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dc.contributor.authorZhang, Yu
dc.contributor.authorWang, Zaijie
dc.contributor.authorGemeinhart, Richard A.
dc.date.accessioned2014-09-09T20:24:53Z
dc.date.available2014-09-09T20:24:53Z
dc.date.issued2013-09
dc.identifier.bibliographicCitationZhang Y, Wang Z, Gemeinhart RA. Progress in microRNA delivery. Journal of Controlled Release. 2013. doi:10.1016/j.jconrel.2013.09.015.en_US
dc.identifier.issn1873-4995
dc.identifier.urihttp://hdl.handle.net/10027/18954
dc.descriptionNOTICE: This is the author’s version of a work that was accepted for publication in Journal of Controlled Release . Changes resulting from the publishing process, such as peer review, editing, corrections, structural formatting, and other quality control mechanisms may not be reflected in this document. Changes may have been made to this work since it was submitted for publication. A definitive version was subsequently published in Journal of Controlled Release , 2013 DOI:10.1016/j.jconrel.2013.09.015en_US
dc.description.abstractMicroRNAs (miRNAs) are non-coding endogenous RNAs that direct post-transcriptional regulation of gene expression by several mechanisms. Activity is primarily through binding to the 3' untranslated regions (UTRs) of messenger RNAs (mRNA) resulting in degradation and translation repression. Unlike other small-RNAs, miRNAs do not require perfect base pairing, and thus, can regulate a network of broad, yet specific, genes. Although we have only just begun to gain insights into the full range of biologic functions of miRNA, their involvement in the onset and progression of disease has generated significant interest for therapeutic development. Mounting evidence suggests that miRNA-based therapies, either restoring or repressing miRNAs expression and activity, hold great promise. However, despite the early promise and exciting potential, critical hurdles often involving delivery of miRNA-targeting agents remain to be overcome before transition to clinical applications. Limitations that may be overcome by delivery include, but are not limited to, poor in vivo stability, inappropriate biodistribution, disruption and saturation of endogenous RNA machinery, and untoward side effects. Both viral vectors and nonviral delivery systems can be developed to circumvent these challenges. Viral vectors are efficient delivery agents but toxicity and immunogenicity limit their clinical usage. Herein, we review the recent advances in the mechanisms and strategies of nonviral miRNA delivery systems and provide a perspective on the future of miRNA-based therapeutics.en_US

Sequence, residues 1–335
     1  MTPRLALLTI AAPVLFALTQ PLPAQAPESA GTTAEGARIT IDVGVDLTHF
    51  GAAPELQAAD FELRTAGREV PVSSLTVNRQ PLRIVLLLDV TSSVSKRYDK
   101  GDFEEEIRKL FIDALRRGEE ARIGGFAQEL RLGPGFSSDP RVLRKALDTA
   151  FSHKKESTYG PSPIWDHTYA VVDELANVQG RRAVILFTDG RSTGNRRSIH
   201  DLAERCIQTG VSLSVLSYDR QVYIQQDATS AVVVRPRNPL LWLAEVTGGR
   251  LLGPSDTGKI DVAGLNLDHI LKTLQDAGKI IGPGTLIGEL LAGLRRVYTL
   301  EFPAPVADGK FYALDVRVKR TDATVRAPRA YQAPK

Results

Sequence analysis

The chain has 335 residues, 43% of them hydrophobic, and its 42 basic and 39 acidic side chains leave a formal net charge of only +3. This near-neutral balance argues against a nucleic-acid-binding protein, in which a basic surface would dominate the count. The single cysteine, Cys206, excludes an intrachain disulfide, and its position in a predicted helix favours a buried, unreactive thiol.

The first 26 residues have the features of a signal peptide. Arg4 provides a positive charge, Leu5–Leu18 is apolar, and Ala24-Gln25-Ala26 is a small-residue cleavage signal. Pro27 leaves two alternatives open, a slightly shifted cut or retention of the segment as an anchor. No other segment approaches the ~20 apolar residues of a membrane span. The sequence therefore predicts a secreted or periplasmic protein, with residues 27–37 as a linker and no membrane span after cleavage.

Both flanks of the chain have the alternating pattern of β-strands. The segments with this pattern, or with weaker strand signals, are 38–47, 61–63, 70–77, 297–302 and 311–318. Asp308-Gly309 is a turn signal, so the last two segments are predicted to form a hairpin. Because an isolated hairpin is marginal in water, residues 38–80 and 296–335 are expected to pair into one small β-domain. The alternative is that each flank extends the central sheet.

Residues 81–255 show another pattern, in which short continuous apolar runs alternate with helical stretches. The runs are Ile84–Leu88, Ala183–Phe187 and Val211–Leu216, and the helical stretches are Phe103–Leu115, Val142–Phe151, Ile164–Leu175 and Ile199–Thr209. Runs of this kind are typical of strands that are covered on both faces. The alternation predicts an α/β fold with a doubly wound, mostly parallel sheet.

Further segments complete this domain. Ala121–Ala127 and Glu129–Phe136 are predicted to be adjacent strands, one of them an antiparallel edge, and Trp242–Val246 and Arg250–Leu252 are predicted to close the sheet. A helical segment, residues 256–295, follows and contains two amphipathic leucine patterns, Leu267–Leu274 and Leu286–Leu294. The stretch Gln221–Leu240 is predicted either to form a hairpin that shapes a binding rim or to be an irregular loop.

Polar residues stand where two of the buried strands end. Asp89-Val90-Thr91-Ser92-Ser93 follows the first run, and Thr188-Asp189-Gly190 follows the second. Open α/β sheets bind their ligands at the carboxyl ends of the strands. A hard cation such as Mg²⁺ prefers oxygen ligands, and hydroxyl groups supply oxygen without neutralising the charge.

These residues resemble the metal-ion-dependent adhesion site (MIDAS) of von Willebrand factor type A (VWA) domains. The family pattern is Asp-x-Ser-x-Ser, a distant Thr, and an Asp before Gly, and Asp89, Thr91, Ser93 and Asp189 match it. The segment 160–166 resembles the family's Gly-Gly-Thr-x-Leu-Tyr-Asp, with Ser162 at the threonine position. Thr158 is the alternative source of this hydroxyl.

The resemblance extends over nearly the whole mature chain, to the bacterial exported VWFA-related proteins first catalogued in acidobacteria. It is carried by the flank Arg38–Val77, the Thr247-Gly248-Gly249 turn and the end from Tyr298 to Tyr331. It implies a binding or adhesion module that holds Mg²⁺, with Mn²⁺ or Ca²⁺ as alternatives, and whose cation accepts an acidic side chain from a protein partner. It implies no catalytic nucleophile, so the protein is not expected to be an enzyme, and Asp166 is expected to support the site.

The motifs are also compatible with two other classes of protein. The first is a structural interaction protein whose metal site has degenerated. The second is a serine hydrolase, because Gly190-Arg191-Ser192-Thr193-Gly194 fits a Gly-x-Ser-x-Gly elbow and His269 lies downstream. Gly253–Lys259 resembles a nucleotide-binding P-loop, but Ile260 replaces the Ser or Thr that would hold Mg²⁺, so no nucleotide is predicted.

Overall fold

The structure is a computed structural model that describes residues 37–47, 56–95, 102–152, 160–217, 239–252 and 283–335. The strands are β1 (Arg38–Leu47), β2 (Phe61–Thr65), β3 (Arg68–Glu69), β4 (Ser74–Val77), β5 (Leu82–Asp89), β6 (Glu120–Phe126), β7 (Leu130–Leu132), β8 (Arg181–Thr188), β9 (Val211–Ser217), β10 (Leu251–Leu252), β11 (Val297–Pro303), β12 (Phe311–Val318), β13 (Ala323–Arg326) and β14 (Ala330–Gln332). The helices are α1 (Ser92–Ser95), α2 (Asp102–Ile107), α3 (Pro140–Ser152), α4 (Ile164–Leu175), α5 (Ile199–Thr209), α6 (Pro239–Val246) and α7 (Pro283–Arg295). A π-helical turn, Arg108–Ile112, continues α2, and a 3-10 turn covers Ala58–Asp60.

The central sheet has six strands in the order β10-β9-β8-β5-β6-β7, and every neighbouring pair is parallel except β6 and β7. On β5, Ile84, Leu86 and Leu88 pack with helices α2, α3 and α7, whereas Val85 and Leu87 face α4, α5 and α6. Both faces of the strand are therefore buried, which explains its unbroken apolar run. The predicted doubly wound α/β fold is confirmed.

dc.description.sponsorshipThis review and our original miRNA research was conducted in a facility constructed with support from Research Facilities Improvement Program Grant (RR15482) from the National Centre for Research Resources (NCRR) of the National Institutes of Health (NIH). Our original miRNA delivery research has been funded, in part, by the University of Illinois at Chicago Center for Clinical and Translational Science (CCTS) award also supported by the NCRR (TR000050, RAG).en_US
dc.language.isoen_USen_US
dc.publisherElsevier Inc.en_US
dc.subjectmicroRNAen_US
dc.subjectmiRNAen_US
dc.subjectsmall RNA deliveryen_US
dc.titleProgress in MicroRNA Deliveryen_US
dc.typeArticleen_US


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